HALIFAX — Nova Scotia has become the second province to sign on to a federal program that would fund thousands of subsidized daycare spots, in a deal that plays into the prime minister's and premier's potential election platforms.
Neither Nova Scotia Premier Iain Rankin nor Prime Minister Justin Trudeau have announced a campaign date, but there's been speculation calls could come within weeks or even days.
During Tuesday's announcement at a Halifax child-care centre, Trudeau appeared via video link and said the $605-million deal would halve the average child-care fees in the province by the end of next year, to $20 a day per child. The program, he added, would gradually lower them over five years to $10 a day.
Trudeau also said the agreement with Nova Scotia will create 4,000 new, regulated early learning and child-care spaces within two years and a total of 9,500 spaces by the 2025-26 fiscal year.
Nova Scotia joins British Columbia in signing a child-care deal with Ottawa. The federal government's recent budget included more than $27.2 billion on child care for the provinces, provided they agree to targets on affordability, quality of care and training of early childhood educators.
Morna Ballantyne, executive director of the group Child Care Now, said in an interview she's read the British Columbia deal and noted there is a clause that allows Ottawa or the province to cancel it. But each time a province signs on, she said, it adds momentum to the federal program and sets up a scenario where female voters would react poorly to political parties that oppose or threaten to cancel the deals.
Ballantyne, an advocate for publicly funded daycare, said she doesn't think the deals are going to be cancelled — unlike what happened after Liberal prime minister Paul Martin in 2005 signed a series of child-care agreements with the provinces. Stephen Harper's Conservative government ended the deals after taking power in 2006, pursuing an alternative path that included monthly payments to parents to assist them with child-care costs.
"It's going to be very difficult to roll back the kind of commitments being made in these agreements as they resonate with a lot of voters and sectors in the Canadian economy," Ballantyne said.
Corey Tochor, the federal Conservative critic for families, children and social development, referred to the Trudeau government's plan in a May news release as "an 'Ottawa-knows-best' government approach to child care that takes away choice and ensures that only publicly funded operators will survive, leaving behind small businesses, women, and families."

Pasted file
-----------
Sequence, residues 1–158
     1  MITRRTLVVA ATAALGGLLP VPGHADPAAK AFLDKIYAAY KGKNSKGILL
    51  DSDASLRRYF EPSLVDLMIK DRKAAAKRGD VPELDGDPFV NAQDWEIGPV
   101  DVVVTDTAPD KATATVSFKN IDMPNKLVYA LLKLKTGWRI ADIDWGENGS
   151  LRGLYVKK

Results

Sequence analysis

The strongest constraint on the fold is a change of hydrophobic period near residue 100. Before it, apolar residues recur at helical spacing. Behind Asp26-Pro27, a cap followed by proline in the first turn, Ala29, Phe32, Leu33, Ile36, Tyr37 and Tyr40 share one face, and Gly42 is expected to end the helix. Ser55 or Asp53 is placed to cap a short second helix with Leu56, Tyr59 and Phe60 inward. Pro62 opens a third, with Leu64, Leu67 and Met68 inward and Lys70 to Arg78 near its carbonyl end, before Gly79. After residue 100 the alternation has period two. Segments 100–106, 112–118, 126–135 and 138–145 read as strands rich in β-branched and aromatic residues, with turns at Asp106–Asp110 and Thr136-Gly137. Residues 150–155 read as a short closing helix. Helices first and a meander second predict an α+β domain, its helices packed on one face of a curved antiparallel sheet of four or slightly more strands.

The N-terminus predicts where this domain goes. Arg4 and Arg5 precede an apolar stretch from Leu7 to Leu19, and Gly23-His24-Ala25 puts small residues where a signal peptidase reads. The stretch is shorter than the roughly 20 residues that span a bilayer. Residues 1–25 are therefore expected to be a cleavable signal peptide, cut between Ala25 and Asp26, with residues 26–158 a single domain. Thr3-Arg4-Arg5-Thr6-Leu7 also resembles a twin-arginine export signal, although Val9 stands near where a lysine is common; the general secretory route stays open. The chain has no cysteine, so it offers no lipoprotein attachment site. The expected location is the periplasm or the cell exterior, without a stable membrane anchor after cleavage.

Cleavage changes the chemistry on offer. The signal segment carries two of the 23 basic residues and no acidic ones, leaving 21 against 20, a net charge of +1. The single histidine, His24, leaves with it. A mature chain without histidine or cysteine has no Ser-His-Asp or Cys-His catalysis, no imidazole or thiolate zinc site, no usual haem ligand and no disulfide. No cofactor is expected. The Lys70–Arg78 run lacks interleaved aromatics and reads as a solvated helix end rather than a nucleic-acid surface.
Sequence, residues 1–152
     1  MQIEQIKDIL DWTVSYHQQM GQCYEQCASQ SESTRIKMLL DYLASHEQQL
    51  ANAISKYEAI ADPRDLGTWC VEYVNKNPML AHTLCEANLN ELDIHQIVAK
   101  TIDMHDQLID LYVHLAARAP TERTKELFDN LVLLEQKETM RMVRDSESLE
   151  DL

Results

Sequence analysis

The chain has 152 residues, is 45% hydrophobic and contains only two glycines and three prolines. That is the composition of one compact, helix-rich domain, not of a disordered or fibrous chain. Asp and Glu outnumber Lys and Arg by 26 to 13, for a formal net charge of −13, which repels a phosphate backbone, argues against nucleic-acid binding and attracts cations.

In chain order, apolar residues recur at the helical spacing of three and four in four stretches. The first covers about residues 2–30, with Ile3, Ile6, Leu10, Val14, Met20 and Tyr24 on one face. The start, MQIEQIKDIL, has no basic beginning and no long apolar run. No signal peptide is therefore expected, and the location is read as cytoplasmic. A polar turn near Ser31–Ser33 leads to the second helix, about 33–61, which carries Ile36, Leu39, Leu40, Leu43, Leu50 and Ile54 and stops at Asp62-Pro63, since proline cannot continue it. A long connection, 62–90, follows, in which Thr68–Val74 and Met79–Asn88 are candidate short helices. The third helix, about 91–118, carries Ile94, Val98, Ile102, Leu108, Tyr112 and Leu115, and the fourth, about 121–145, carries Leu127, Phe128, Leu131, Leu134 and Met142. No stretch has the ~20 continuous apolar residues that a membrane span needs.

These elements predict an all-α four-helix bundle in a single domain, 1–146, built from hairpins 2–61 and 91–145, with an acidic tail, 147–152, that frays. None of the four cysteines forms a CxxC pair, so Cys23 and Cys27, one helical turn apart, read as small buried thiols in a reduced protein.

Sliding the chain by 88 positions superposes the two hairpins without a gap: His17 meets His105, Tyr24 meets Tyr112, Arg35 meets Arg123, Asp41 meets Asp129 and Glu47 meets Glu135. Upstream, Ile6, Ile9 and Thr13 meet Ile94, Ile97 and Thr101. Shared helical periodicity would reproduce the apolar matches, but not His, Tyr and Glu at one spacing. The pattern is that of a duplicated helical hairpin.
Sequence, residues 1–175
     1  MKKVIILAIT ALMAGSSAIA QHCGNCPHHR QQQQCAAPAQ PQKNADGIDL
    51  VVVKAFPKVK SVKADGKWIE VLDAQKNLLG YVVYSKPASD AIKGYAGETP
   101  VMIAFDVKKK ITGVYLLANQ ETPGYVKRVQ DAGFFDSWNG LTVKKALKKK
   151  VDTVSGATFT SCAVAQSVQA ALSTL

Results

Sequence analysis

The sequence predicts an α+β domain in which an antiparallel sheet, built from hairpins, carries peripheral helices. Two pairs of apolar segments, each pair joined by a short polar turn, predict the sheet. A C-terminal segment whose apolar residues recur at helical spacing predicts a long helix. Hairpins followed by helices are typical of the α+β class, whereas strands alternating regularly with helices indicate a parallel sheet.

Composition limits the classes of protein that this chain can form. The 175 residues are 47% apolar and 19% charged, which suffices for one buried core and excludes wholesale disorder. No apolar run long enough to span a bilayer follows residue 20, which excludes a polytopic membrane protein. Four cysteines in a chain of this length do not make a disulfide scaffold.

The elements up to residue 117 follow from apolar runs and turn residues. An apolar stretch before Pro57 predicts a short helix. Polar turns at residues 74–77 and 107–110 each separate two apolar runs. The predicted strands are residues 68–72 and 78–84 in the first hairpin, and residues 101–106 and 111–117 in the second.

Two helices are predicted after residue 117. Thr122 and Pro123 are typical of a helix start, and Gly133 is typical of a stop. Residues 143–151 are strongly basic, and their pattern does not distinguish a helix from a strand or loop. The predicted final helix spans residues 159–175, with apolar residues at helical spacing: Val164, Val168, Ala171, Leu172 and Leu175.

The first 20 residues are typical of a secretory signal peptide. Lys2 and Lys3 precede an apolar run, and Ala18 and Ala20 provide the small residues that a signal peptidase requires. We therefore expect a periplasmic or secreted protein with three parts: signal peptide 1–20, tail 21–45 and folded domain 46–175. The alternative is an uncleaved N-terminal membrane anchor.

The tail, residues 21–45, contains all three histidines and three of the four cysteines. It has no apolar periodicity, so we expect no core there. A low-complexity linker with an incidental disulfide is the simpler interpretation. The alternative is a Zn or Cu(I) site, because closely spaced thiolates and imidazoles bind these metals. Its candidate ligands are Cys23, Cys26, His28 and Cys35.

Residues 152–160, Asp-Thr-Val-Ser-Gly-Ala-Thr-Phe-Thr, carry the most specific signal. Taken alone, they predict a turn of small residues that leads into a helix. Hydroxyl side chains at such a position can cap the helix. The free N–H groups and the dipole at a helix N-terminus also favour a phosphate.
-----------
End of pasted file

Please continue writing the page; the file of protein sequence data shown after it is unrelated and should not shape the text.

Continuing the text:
"Canada's Conservatives believe parents know what is best for their children, not the government, and parents should have the choice in determining who will care for their children within their communities."
Meanwhile, Rankin said the child-care agreement is a result of the close partnership his government enjoys with the federal government, as he prepares for a potential election campaign. The 38-year-old premier, who will become a new father in November, said he had been eager to start discussions with Ottawa's Liberals since the budget announcement on child care, adding that he wanted to deliver the program in his province.
"This announcement will become a strong foundation of our economic plan as we emerge from this pandemic," Rankin said. "We know that every dollar invested in this sector returns six dollars to the economy … It means more women can enter the workforce or go back to school.
"What we've announced today is a major transformation of our child-care sector."
Nova Scotia currently invests $132.6 million in early learning and child care annually, including $54 million for pre-primary and more than $75 million for the child-care sector.
In a news release, the province said it will contribute $40 million over the five-year agreement on top of current annual funding to the child-care sector. The provincial government will also create a new organization to manage the operations of all regulated child care in the province, with oversight remaining with the Department of Education and Early Childhood Development.
An additional $22.5 million in federal funding was also announced, with $11.6 million to extend the Canada-Nova Scotia Early Learning and Child Care Agreement and a one-time $10.9-million investment to pay higher wages to early childhood educators and provide free tuition, books and bursaries.
This report by The Canadian Press was first published July 13, 2021.
Michael Tutton, The Canadian Press